The term was first defined by John Harrison to specify a special type of magnesia used in reactive magnesia cements which he invented. The term caustic calcined magnesia was considered imprecise as it includes all grades of magnesia that are not dead burned or electrofused regardless of temperature of firing which is very important.
In John Harrison's original patent specification reactive magnesia was defined as "calcined at low temperatures (less than 750°C) and ground to greater than 95% passing 120 micron. Generally the lower the temperature of calcination and finer the grind, the more reactive the magnesia is and the faster it hydrates. Magnesia calcined as 650 °C passing 45 micron or less is better." For a more technical definition see Reactive Magnesia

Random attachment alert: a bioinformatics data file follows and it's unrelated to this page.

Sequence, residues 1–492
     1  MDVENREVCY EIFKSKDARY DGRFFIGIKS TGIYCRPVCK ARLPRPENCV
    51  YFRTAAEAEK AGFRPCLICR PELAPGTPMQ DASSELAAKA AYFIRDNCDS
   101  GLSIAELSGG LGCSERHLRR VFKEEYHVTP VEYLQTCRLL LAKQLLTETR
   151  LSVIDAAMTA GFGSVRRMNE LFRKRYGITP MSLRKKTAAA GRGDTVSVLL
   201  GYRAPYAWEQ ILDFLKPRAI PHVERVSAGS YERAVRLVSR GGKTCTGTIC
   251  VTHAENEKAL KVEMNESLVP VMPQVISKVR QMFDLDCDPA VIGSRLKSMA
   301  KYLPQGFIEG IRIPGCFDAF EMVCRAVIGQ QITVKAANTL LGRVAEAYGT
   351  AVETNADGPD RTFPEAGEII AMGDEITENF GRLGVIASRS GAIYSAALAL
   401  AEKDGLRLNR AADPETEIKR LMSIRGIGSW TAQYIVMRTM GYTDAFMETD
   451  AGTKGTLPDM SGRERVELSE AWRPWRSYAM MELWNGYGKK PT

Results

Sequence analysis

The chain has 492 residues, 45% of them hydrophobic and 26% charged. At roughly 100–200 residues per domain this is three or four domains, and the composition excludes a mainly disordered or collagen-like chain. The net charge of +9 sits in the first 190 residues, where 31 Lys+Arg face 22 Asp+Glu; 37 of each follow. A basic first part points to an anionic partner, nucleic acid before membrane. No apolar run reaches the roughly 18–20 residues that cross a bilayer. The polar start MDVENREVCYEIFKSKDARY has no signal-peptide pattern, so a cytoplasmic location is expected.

The important property associated with reactivity is the ability to hydrate in the same rate order as hydrualic cements such as Portland cement. Otherwise dimensional distress occurs.